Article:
I’ve ordered the drill rod and it should be here in a couple of days.  I also started machining the brass nut.  Well, you know what they say about the best laid plans of mice and men – I never did get the paddle bit to work like I wanted.  Even though it was sharp enough to cut your finger it just had too much flex to smoothly cut the threads in the nut.  I looked through my catalogs and didn’t find any nuts already tapped in that thread.  As much as I hated, I ended up ordering a tap from www.e-taps.com after calling around and getting quotes from local machine shops to tap it for me.  That makes the brass nut relatively expensive but saves me much wasted time so all in all I guess that it’s worth it.

                                                                    Day 4

Much to my surprise the tap that I ordered just arrived.  I found it to be of excellent quality and proceeded to complete the brass nut.  The images of the nut are shown below just after I tapped it using a tap guide on the milling machine.  As you can see, the piece of brass that I used is quite odd shaped and I had to add a piece so that it would lock in my 4-jaw chuck without the bottom end moving into the jaw slot – remember that I had originally tried to cut the Acme threads on the lathe.  I could’ve just drilled a hole had I known that I was going to use a tap.  However, adding the piece of aluminum provided a bonus by permitting me to accurately hold the nut in the mill vise.  Now I am waiting on the drill rod and as soon as I cut those threads I’ll finish machining the nut – the outside dimensions are not that critical.

One of the things that I don’t have for this lathe is a follower rest so I will turn the threads two or three inches at a time by plunging into the threads.  I have done this in the past and it has always worked well for me providing I was careful about lining up the threads after each move in the chuck.

                                                                 Day 6

The drill rod finally arrived and now for some thread cutting.  After making a sharp tool ground for a 29 degree included angle using an acme thread gauge, and then aligning the tool using the same gauge as illustrated in the figure below, I am ready to start cutting.


I finished cutting the threads as planned and they are illustrated in the figures below.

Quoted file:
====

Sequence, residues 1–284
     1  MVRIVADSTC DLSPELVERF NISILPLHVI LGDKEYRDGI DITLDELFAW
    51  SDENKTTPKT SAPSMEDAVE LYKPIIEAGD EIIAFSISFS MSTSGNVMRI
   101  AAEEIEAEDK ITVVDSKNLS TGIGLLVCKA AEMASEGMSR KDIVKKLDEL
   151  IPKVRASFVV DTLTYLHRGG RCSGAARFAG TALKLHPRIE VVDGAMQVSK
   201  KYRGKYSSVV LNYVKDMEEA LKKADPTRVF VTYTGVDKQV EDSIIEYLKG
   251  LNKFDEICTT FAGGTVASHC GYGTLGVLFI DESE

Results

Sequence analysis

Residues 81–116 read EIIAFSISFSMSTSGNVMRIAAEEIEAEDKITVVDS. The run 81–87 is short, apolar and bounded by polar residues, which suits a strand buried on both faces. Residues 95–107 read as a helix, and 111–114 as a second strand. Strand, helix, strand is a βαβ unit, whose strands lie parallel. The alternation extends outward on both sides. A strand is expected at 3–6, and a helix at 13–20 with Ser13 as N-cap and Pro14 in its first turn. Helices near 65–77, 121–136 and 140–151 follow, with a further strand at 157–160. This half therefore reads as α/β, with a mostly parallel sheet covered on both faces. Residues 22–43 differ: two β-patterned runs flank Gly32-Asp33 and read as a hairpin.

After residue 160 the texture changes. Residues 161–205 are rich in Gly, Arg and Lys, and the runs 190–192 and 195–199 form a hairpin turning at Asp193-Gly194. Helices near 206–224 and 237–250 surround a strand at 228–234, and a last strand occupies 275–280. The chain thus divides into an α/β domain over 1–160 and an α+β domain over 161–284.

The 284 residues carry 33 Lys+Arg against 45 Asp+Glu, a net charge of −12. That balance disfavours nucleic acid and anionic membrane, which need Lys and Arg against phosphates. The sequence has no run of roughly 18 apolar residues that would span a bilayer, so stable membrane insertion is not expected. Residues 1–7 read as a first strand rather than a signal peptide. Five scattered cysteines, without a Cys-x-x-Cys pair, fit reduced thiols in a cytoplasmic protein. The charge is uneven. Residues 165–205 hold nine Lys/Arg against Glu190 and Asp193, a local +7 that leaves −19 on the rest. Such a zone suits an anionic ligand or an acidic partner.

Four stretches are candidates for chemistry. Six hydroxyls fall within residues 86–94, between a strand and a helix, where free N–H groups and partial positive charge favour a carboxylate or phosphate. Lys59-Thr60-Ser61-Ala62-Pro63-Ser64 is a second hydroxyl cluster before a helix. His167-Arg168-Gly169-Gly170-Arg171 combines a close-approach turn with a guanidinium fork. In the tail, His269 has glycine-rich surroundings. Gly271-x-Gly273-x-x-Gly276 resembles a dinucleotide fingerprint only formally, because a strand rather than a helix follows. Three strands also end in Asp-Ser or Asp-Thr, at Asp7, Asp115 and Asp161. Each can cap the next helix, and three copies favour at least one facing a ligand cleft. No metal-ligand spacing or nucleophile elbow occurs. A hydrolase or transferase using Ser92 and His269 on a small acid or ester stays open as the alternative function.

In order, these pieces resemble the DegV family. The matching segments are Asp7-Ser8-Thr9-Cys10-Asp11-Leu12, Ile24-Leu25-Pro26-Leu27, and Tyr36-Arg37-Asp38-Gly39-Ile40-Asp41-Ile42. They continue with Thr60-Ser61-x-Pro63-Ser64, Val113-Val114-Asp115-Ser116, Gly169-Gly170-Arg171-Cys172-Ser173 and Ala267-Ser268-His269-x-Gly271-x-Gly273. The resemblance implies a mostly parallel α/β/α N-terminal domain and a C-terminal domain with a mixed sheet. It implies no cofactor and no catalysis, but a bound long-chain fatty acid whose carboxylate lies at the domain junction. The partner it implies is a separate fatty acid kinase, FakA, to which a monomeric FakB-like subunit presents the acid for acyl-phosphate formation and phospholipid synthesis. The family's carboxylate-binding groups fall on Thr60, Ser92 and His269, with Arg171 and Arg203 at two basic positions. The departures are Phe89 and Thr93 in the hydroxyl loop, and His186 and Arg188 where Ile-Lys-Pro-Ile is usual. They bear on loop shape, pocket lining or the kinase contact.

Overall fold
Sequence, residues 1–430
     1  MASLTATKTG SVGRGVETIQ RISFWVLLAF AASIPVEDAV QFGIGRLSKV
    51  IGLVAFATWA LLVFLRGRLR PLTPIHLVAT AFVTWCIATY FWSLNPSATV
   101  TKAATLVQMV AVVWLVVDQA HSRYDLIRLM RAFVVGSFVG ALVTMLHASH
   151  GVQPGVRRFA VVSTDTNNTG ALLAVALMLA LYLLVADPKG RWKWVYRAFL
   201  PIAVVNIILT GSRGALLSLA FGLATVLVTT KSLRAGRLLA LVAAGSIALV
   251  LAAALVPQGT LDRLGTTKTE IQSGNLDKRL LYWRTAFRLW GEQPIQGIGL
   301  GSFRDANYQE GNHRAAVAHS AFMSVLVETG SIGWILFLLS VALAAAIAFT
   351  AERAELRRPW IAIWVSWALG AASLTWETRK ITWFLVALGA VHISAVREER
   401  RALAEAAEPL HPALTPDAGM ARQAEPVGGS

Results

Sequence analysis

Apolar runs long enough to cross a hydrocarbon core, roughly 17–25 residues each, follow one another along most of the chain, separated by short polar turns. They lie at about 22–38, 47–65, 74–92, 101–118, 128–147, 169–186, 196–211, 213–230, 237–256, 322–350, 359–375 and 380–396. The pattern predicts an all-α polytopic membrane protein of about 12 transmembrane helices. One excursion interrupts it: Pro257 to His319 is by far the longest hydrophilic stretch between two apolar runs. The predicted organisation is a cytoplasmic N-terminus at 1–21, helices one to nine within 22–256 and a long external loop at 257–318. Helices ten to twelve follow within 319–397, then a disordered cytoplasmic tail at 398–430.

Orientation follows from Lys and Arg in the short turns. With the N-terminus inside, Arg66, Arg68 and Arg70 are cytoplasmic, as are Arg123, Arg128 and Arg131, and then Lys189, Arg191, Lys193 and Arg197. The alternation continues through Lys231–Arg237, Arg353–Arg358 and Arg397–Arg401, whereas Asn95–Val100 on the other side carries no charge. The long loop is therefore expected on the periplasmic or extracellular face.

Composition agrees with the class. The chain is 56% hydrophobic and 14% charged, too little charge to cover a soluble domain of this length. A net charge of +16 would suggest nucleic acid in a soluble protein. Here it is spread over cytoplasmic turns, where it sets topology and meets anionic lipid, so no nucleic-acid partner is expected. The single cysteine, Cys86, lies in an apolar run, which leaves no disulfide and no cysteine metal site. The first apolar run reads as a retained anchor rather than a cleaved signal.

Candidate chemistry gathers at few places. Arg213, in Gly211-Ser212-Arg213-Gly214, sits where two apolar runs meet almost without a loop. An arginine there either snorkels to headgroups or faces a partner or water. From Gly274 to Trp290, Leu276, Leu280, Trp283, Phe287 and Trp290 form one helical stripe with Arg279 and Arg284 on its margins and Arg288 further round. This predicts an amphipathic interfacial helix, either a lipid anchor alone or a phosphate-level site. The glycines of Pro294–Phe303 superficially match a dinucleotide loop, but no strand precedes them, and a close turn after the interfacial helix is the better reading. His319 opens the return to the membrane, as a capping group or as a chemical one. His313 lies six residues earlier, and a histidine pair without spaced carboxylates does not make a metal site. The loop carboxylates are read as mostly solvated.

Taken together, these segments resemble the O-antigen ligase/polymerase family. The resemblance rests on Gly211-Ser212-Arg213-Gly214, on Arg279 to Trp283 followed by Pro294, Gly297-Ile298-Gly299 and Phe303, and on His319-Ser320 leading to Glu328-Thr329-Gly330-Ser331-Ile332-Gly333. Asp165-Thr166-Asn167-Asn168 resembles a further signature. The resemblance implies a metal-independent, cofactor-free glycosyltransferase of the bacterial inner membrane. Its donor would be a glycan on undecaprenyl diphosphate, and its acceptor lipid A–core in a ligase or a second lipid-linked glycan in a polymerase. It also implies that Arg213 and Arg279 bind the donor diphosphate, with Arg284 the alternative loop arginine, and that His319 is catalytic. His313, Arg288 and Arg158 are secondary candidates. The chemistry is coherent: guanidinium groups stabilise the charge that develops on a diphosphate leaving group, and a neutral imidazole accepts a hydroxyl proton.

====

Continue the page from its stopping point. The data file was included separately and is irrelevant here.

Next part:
Picture 012 Leadscrew_1


The finished pieces are shown below.  I will silver solder them and finish milling the brass nut and then it will be ready to install.  The fit between the two pieces is snug enough that they don’t need to be forced but there’s a suction pop when you try and pull them apart.  I used a #33 drill to put a pilot hole about an inch and a half deep in the lead screw and then turned the other piece to a diameter that provided a snug fit.  I used a die from my local hardware store to cut the 5/16-18 threads on the end of the bearing portion of the lead screw.  Next time, I will turn these threads because the die didn’t do as nice a job as I had hoped and made some small gouges in the threads in a couple of places – I don’t think the quality of this die was very good even though it was the best one I could find locally.

Screw Done

                                                                      Day 7

Well, I finally cut the excess brass off of the nut and rounded the outside.  This dimension isn’t critical since there’s lots of room in the channel that it runs in.  I also drilled a 1/8 inch through hole into the acme threads where I had ran the 3/8-16 tap since the nut itself forms part of an oil port for the nut itself.

I milled a 1/8 inch keyway into the threads on the end opposite the #33 pilot-hole using a keyway saw.  I went 1/8 inch deep as well.  I suppose that a 1/8 inch end mill may have done as well.  I silver-soldered the two pieces together after cleaning them thoroughly and painting flux onto the pilot rod.   It’s now time to dismantle the lathe once again and test this out.

I had to polish the bearing end of the cross feed screw to get it to fit nicely into the taper attachment.  I did this with some 320 grit sandpaper in the lathe – had lots of room to work with the cross feed assembly removed.  Everything went together very well after polishing the shaft.  The fit is excellent and I only have five thousandths of end play.  That’s another job done and one less thing to worry about.